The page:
Just how much of Mitt Romney's Mormonism he will actually share, during this week's 2012 Republican National Convention, is yet to be revealed. By all indicators, if you happen to be following mainstream media, Romney is finally ready to talk to the American people about being a Mormon. We're already hearing sound bites of what this might sound like.

The Democratic party have been very careful to not make this year's presidential election about the personal religious beliefs of a candidate, and we all can pretty much figure out why. However, that has not stopped the liberal media, in particular, from continually pressing Romney to be more open about his Mormon faith -- and suggesting that his lack, or refusal to do so, is evidence that his Mormon beliefs should be considered something odd, and mysterious, about him

Liberals are banking on the idea that the more controversial, or weird, that Romney's Mormon faith can be presented to the public, the less likely they are going to be to vote for a Mormon.  And as we all know, the liberal media have been diligently working to get every negative aspect about The Church of Jesus Christ of Latter-day Saints out there, to accomplish just that. We see this in a willingness, of the media, to pick up every perceived, negative story affiliated with the Church, originating both inside and outside of the Church -- creating a great opportunity for anyone with an ax to grind, or an agenda to promote, in opposition to the Church -- to have their story noised abroad. 

Over the last few months we've seen numerous, negative stories about baptism for the dead, temple worship, the temple garment, homosexuality polygamy, Church finances, etc. -- All in hopes of casting a negative light on the Mormon faith, thus Mitt Romney. Through all of it, Romney has basically remained silent. Personally, I think that's been a good thing. I don't feel that any good would come if Romney spent his time out campaigning for POTUS discussing, or defending, Mormon beliefs, practices and policies, in the least.

What I do see as a positive, for Mitt Romney as a presidential candidate, is to focus his remarks around his personal experiences, as a Mormon -- and how this has formed him as a man people might want to get behind. I think that's more of what serious people are interested in, and not, per se, our doctrines, etc.

Those who are interested in the basic beliefs of Mormonism, are able to easily find credible information in numerous places online. Both Mormon.org and the LDS Newsroom are, in my opinion, excellent resources for investigation. And of course, the public is always welcome to visit our Sunday Services to meet our people, and ask their questions to those wonderful missionaries just waiting to do just that!

In fact, just recently Mitt Romney invited the press, who follow him on the campaign trail, to join him for his Sunday worship, pretty much doing exactly what I think he can, and should do, most effectively -- allow observation.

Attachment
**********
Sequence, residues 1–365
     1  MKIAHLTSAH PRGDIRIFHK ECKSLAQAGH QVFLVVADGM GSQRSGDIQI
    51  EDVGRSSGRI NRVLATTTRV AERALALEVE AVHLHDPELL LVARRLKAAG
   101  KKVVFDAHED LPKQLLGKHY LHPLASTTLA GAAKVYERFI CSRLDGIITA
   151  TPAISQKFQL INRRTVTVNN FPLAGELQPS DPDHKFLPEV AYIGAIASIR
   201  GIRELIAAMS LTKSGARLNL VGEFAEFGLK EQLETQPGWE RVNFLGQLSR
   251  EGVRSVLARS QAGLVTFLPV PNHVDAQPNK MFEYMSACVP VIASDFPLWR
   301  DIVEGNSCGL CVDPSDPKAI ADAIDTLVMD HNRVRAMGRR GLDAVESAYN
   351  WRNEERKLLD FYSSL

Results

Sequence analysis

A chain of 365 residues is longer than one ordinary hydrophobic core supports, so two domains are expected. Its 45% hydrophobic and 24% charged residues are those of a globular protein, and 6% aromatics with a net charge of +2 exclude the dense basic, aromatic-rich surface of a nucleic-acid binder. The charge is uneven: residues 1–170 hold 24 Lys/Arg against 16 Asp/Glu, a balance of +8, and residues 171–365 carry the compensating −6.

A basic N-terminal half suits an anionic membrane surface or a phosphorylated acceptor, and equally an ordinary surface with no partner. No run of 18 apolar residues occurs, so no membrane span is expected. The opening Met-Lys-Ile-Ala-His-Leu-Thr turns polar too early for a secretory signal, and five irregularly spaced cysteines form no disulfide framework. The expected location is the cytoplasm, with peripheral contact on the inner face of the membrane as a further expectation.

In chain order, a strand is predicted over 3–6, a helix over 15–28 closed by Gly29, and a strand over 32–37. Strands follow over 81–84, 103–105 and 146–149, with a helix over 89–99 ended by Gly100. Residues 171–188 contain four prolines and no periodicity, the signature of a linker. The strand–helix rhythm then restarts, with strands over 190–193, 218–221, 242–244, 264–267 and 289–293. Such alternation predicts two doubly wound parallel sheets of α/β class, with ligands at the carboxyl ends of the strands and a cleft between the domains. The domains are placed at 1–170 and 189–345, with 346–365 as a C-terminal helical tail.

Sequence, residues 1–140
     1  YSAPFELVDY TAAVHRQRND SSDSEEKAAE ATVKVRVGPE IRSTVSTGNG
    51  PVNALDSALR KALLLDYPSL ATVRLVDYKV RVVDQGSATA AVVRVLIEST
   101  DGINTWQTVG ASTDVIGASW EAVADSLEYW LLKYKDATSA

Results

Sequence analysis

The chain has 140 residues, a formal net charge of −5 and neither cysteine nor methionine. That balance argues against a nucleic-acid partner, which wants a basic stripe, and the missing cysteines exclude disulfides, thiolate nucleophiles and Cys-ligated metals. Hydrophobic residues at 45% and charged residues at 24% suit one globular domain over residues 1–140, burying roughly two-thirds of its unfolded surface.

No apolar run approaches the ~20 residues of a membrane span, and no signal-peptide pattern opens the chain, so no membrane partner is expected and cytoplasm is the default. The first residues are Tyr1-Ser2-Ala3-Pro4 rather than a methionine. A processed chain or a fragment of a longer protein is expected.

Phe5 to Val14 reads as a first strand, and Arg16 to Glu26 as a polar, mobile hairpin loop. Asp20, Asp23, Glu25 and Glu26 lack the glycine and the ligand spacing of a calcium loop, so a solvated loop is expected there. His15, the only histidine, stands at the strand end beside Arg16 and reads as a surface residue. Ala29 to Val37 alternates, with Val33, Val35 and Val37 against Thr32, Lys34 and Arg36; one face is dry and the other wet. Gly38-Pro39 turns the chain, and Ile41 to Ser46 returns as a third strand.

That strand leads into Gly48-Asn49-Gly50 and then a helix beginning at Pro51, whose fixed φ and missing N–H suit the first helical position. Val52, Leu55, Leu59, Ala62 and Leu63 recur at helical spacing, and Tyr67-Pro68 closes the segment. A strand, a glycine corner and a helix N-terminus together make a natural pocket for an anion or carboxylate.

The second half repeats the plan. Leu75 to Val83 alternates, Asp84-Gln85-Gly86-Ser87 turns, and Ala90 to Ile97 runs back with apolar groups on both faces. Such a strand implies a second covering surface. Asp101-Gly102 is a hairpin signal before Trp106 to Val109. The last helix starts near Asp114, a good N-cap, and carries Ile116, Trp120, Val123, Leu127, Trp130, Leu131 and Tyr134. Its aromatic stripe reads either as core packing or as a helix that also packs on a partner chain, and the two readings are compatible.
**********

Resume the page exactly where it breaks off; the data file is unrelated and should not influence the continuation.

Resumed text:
As members, we also have many opportunities to help those within our sphere of influence, who might have questions about what Mormons believe, to open our mouths and invite our friends to ask us -- a Mormon. I saw a member on Facebook post the invitation, to all of her friends, to ask her anything about the Mormon faith, and she would do her best to answer the questions.

Another member friend posted about an inquiry that his friend has, wanting to know what Mormons think about Mitt Romney? In both cases positive conversations are currently underway. Meanwhile other members of the Church are using Google + Hangouts to invite discussion on various gospel topics. What I gather from each of these examples is how we as members should use a proactive approach to sharing our faith.  I appreciate that members are seizing this "Mormon Moment" to find out what people want to know about the Church, instead of waiting to be asked.

In an odd way, perhaps we should thank the media for opening some of these doors that cause people to wonder about what Mormons believe, as it has opened the way for many of us to discuss our faith.

Unfortunately, Mormons have always had to deal with the underlying suspicions that continue to be perpetuated by tho who oppose, and make difficult, the work of the Church. I don't think any of us, here, believe that this will change -- ever. That just means we take the negatives and create positives for sharing what we really do believe and think.

I'm an advocate of not mixing politics with religion, unless absolutely necessary. Some social issues may fall into this category, because they cross over into what people consider moral behavior. Regardless of our own political leanings I hope we can objectively share our Mormon faith with others who, during this political atmosphere, are interested to know more, without feeling any obligation toward either.

What parts of Mitt's Mormonism do you think he should share and/or avoid?

Kathryn Skaggs

WBMW: Mormon in America: Did They Get Us Right?

Overall, most felt that a fair job was done, considering this was an outsiders' look at the Mormons -- but perhaps not balanced. Okay, I can live with that. And of course the fact that it was only an hour long program, with commercials -- giving little time to cover everything we would have liked to see.

LDS Newsroom:Political Neutrality

"The Church’s mission is to preach the gospel of Jesus Christ, not to elect politicians. The Church of Jesus Christ of Latter-day Saints is neutral in matters of party politics. This applies in all of the many nations in which it is established."

Photo Credit: Gage Skidmore

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